Engage with efforts to disarm and regulate private security. Invest instead in community-led public safety initiatives.
Citizen is a privately-owned “public safety” app that reports neighborhood crime to residents. It has 5 million active users, more App Store downloads than Twitter (Forbes), and is backed by venture capital firms like Sequoia Capital, which is also investing in heavyweights like Cisco, Instagram, and YouTube (Sequoia). It’s a rebrand of an app called Vigilante, which actually encouraged users to go after suspected criminals (Tech Crunch). After the Pacific Palisades fire last month, Citizen sent the full name and photo of a suspected arsonist to 860,000 users. Citizen put a $30,000 bounty on this man, who was unhoused (Oaklandside), and, as in its days as Vigilante, encouraged its users to “get out there and bring this guy to justice” (Vox). As it turns out, he was innocent.
Days later, the news broke that a black Citizen SUV was prowling Los Angeles. Citizen said the vehicle, connected to a local “subscription law enforcement” firm, is part of a “pilot project.” It seems Citizen plans to augment its surveillance and vigilantism network with private police (Vice). Many have expressed concerns that this could lead to harassment and violence based on racial profiling.
The past year has thrown light on two pillars of American white supremacy. On one hand, the police commit atrocities against Black and Brown people with few consequences. On the other, neo-Nazis and militant nativists commit “lone wolf” attacks in an attempt to provoke a race war. (For why we don’t refer to such zealots as terrorists, see this previous article.)
Citizen exemplifies a third pillar: the vigilantes, civic groups, and private companies that enforce white supremacy. Unlike the police or National Guard, they aren’t an arm of the state. And unlike neo-Nazi mass shooters, they aren’t right-wing revolutionaries seeking to replace the political order with something even worse. This third pillar is composed of organizations that operate, with the tacit or official support of the authorities, to maintain the current economic, political, and racial order. That is, they are private enforcers of what supporters of a deeply unequal society might deem “public order.”
In the past, the government empowered citizens to kill Indigenous people and kidnap people who escaped from slavery. The 20th century Ku Klux Klan recruited white Protestants who felt threatened by immigration and the Bolshevik revolution (Britannica). Though the Klan wasn’t the government, “in Muncie, Indiana—the ‘Middletown’ that sociologists Robert Staughton Lynd and Helen Merrell Lynd studied as the embodiment of 1920s America—the mayor was a loyal Klansman, as were the president of the local school board and the secretary of the YMCA.” “Sundown town” legislation that barred people of color after dark was enforced not only by local police but also by the threat of lynchings from local residents (The Atlantic). Last year, New Mexican law enforcement saw an ally in the New Mexico Civil Guard, a militia organization that shot an antifascist counterprotester (History News Network).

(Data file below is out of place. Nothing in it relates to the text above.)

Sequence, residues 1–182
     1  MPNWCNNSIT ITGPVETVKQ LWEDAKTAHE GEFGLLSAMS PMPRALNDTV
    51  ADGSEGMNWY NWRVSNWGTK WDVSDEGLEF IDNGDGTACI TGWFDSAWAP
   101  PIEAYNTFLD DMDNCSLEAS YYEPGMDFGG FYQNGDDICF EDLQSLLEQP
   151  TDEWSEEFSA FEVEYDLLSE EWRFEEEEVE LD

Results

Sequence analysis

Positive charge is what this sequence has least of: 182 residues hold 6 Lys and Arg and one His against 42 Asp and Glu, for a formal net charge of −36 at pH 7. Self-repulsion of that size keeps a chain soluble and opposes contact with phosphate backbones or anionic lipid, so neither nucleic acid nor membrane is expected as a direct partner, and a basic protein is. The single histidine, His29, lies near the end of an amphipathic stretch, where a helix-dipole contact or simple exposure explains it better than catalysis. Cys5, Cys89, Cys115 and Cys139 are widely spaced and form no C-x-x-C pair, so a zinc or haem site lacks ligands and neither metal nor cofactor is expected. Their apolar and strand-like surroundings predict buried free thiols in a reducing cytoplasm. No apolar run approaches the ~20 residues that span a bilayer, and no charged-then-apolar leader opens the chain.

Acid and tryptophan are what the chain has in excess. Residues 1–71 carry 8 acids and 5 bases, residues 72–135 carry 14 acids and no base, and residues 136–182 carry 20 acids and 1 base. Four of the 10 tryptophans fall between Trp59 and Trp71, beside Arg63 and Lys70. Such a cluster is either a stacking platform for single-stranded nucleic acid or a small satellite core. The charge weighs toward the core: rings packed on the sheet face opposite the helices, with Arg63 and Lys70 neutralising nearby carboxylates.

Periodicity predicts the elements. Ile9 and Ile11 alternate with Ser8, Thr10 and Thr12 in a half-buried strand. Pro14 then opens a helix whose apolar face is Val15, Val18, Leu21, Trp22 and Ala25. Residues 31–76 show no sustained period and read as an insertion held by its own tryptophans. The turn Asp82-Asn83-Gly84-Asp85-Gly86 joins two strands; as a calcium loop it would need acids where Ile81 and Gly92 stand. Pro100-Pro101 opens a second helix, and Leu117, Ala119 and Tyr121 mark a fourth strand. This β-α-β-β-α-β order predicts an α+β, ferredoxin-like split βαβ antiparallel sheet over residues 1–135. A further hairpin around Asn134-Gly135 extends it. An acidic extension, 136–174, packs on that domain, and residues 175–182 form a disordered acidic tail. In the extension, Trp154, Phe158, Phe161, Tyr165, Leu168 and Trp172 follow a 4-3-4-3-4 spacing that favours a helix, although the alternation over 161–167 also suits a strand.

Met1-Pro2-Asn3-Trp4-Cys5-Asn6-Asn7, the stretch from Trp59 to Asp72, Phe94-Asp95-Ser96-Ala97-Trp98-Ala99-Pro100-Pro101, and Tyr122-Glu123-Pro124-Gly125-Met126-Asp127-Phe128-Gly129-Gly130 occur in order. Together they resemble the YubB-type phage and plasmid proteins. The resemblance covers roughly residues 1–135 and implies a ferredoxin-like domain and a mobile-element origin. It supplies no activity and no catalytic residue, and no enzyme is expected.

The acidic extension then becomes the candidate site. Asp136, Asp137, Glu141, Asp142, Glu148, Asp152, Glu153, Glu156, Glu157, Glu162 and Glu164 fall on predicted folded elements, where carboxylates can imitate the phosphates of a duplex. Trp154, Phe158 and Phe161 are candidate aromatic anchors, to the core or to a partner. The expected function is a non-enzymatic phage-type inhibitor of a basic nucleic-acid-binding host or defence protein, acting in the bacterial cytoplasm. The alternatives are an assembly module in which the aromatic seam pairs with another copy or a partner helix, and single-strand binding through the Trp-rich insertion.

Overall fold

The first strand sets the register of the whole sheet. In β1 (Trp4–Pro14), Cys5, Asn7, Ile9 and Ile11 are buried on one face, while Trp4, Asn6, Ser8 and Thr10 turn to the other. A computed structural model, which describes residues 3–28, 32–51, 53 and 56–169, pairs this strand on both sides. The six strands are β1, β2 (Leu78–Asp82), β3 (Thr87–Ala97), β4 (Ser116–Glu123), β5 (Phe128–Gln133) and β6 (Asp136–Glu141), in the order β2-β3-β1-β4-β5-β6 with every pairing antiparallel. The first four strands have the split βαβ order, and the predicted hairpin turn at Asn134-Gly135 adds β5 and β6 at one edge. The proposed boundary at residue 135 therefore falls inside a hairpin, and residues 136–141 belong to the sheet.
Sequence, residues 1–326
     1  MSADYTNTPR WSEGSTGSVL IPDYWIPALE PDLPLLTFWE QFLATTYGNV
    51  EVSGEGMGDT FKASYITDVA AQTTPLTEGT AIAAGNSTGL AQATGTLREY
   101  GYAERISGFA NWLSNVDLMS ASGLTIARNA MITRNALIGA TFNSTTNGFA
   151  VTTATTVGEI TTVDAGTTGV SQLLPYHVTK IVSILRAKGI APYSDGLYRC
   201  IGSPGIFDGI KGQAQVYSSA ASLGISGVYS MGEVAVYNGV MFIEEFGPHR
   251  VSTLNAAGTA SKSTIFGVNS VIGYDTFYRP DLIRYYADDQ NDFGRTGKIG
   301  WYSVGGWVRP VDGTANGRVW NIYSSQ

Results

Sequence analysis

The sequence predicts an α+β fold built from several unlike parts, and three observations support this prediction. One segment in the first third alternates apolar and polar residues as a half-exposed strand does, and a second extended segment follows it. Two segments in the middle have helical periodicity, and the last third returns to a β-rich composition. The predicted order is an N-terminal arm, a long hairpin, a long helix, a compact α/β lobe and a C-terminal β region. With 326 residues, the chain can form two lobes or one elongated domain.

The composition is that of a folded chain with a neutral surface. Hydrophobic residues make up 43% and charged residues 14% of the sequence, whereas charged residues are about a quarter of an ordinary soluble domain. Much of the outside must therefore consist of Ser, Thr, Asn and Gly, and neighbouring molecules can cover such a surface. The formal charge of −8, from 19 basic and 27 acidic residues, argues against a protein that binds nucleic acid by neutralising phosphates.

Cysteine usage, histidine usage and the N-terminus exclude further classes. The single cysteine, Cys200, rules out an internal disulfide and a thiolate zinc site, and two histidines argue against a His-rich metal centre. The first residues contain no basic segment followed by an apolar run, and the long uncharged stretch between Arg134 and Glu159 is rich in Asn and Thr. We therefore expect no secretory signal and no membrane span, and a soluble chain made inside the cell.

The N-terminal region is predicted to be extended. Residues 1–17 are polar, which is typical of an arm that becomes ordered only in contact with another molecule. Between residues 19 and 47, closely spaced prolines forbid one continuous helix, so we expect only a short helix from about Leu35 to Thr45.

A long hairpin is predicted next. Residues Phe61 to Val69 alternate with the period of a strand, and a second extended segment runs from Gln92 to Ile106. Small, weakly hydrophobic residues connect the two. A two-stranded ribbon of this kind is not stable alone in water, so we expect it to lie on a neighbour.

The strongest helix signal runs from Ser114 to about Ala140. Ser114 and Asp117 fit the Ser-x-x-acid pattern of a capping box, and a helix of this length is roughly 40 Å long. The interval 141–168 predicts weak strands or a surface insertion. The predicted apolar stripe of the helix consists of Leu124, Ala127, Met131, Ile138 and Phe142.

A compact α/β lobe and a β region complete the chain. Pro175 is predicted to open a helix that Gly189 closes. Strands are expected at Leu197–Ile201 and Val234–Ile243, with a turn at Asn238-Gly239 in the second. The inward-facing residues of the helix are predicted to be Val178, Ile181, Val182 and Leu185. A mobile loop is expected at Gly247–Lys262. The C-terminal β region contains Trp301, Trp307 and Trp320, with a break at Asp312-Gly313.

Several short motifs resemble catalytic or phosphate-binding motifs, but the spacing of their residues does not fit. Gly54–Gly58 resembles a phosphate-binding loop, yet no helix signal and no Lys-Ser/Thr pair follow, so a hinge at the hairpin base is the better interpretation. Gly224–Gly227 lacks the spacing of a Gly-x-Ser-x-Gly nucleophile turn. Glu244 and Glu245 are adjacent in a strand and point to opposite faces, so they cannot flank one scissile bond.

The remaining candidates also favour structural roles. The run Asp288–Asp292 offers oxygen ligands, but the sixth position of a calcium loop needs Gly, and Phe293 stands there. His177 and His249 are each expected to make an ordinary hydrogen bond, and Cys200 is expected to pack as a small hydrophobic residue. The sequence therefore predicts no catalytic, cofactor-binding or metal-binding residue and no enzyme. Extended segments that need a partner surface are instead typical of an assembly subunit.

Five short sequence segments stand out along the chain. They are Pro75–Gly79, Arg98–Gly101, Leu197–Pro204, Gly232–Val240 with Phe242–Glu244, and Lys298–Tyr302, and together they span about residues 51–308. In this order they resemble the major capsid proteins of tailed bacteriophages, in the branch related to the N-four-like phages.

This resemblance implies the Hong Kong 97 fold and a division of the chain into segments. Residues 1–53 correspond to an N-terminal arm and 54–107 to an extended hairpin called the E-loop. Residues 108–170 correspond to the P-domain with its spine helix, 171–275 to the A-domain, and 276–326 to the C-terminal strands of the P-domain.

In 1892, thousands of Southern and Eastern European immigrant mill workers went on strike. The owners, Carnegie Steel, brought in 300 heavily-armed private soldiers from the Pinkerton Detective Agency, who murdered 7 striking workers as they attempted to clear the mill (Britannica). At this time, the Pinkertons were larger than the U.S. Army (History).
In the present day, private security firm G4S was paid $1.7 million to run Guantánamo Bay. Israeli government-contracted G4S to run prisons in the occupied West Bank where children are kept in solitary confinement (Guardian); in Australia, an Aboriginal elder was “cooked to death” in a G4S prison van (Guardian). A G4S subsidiary was acquired by another security firm, Allied Universal, making it the third-largest employer in North America (Yahoo).
Section 8 residents are patrolled by private security with automatic rifles and mauled by their guard dogs (Chicago Reporter). Though not law enforcement, campus police are able to harass and abuse non-students residing close to campus. In one case, University of Chicago police stopped, stripped, and beat a man with a malfunctioning car horn (Leagle). See the interview with Alecia from the Cops Off Campus coalition. Mall security killed a Black man in Detroit who died crying out “I can’t breathe” (Huff Post). Private security stabbed a man in the chest after confronting him for theft (Fox 5). When Luis Quintero tried to explain a parking dispute to an Allied Universal security officer at a Texas mall, she pulled a gun with her finger on the trigger (ABC 13).
When fighting for racial justice, we need to keep violent non-state actors like vigilantes and security firms front and center. Citizen is both: a massive business that both inspires vigilantism and aspires to become privatized law enforcement. As Hari Ziyad wrote in a piece on abolition, “Safety is not a universally recognized phenomenon, as much as it is pretended to be. The meaning of safety depends on what exactly you find worthy of protection” (Salon).